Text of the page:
Honours and Awards within the Australian Honours System - Investiture Ceremony (B) for Residents of Queensland
Mr Ian Walker, representing the Opposition Leader; official guests; and our wonderful recipients and their proud supporters. Good morning. It is a great pleasure to welcome you all to Government House for today’s Investiture Ceremony.
These ceremonies are among the most significant events in our annual calendar here at Government House. They are important because they give me, as Governor, the great privilege of presenting awards to the wonderful Queenslanders who have made an outstanding contribution to their community, to the State and to the nation. They also give me the opportunity to thank and congratulate them, both personally and on behalf of their fellow Queenslanders, some of whom are watching right now, this ceremony being “livestreamed”.
As you have heard, the honours presented today include a Star of Courage, a rare decoration which has been awarded only 139 times in the forty years since the Australian honours system was instituted.
Awarded posthumously, as awards for bravery, sadly, often are, that Star of Courage honoured a young bomber pilot who died on a training flight in England seventy-one years ago, during World War II. When he diverted his plummeting aircraft away from a nearby village and deliberately crashed it into a field, he gave his life to save many others. (And I recognise today Councillor Mike Cornwell who, with Mrs Cornwell, travelled from Fenland District Shire in the UK to be with us, representing the town of March where the plane went down – and also Mrs Joyce Milligan, from the Sunshine Coast, who nominated Pilot Officer Hocking, in the process writing, I understand, directly to Her Majesty The Queen!).
I single out this award for mention this morning not only because of the extraordinary courage demonstrated by Pilot Officer Hocking, but because his story exemplifies one of the qualities that we most respect as a nation and that our Australian system was created to honour – the quality of altruism, of putting others before the self.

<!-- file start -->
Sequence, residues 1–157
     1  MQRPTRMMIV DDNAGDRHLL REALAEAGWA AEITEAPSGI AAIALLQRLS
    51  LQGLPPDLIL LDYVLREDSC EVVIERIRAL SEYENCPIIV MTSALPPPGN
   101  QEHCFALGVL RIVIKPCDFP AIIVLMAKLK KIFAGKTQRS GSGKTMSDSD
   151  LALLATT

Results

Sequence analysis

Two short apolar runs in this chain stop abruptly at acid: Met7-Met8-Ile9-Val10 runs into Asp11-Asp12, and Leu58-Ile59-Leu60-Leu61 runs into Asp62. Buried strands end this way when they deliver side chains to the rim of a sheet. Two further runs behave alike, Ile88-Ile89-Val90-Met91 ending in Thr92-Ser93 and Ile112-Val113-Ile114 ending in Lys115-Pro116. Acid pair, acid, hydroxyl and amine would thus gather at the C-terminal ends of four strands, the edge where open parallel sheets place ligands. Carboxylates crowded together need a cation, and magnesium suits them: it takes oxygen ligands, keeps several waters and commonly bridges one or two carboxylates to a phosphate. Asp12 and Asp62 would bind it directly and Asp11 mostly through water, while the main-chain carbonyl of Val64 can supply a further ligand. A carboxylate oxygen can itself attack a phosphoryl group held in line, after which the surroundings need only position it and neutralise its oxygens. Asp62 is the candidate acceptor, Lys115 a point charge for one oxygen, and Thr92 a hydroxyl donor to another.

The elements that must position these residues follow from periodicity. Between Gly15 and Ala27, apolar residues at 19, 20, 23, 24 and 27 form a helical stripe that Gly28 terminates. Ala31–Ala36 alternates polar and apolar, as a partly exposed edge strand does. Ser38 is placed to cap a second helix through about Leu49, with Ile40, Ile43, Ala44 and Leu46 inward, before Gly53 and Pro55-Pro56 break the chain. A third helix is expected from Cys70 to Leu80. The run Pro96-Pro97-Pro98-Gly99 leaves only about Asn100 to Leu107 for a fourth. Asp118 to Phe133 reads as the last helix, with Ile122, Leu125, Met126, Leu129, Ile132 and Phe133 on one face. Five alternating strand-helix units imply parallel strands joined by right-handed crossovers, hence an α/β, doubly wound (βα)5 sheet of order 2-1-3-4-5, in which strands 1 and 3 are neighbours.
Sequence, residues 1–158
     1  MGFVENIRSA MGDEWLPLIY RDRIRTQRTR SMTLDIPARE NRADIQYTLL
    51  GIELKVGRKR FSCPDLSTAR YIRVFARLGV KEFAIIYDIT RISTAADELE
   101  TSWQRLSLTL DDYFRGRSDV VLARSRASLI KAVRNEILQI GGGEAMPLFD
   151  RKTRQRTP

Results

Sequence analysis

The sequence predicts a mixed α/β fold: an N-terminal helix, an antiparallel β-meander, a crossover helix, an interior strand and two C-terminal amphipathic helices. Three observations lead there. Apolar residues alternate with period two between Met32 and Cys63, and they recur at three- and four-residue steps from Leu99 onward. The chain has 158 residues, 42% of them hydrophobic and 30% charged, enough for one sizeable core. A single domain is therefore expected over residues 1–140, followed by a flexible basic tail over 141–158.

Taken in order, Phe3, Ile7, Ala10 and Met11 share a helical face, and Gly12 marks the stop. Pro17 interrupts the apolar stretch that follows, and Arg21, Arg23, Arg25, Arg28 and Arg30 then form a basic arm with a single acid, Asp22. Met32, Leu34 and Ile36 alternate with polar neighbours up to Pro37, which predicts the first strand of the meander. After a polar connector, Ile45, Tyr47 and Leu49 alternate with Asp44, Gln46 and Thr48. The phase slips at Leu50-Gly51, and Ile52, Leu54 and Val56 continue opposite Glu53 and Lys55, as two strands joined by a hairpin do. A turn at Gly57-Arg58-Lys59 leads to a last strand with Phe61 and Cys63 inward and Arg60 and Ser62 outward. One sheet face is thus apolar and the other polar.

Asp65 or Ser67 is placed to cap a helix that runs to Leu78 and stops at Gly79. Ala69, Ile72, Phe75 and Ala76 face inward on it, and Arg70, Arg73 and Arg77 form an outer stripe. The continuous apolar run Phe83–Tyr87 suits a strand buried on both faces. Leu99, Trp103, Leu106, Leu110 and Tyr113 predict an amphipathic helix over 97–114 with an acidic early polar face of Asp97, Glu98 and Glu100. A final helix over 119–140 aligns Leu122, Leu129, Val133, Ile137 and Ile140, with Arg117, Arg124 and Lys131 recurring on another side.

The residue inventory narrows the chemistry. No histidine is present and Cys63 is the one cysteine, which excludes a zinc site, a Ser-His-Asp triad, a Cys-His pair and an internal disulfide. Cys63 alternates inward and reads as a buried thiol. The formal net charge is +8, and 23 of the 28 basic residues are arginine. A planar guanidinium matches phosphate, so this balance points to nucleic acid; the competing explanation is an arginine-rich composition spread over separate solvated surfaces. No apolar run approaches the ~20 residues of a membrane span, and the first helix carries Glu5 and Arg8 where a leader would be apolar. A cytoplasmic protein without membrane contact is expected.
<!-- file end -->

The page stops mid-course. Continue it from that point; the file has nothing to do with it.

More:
We see this not only in the courageous actions of men and women who receive decorations for bravery, but in the commitment of those who have dedicated their lives, their passion, their energy to making a difference in their community, in their workplace, or in their chosen profession or career.
The awardees at today’s ceremony are honoured for a range of outstanding contributions: service to cardio-thoracic medicine, to muscular dystrophy research and support, to nursing in developing countries, to the Queensland Public Service, and the Australian Defence Force; service to seniors and the aged, to women and children, veterans, the environment, the legal profession, sport, education, religious institutions, and social welfare. That is an extraordinary range.
The honours presented today are also exceptional in their range, with no fewer than nine of the fifty-five awards in our system represented – the Star of Courage, three different honours within the Order of Australia, a Public Service medal, two different Distinguished Service decorations and two different Conspicuous Service awards. When combined with the many different fields of endeavour through which you have contributed as recipients, we can see just how much richer Australia is as a nation because of what each of you has done.
Today, you have joined a community of honour and your contribution has now been recorded, formally, as part of our national history. Your service will also become part of your family’s proud history, remembered and respected for generations to come and encouraging others to act as you have done through leadership, a commitment to excellence, determination, perseverance, dedication, and care for others.
Congratulations, once again. Please accept this morning’s hospitality as a sign of the broader community’s gratitude. And I encourage you to continue to familiarise yourselves with Fernberg’s latest addition, police recruit dog Gavel! Thank you.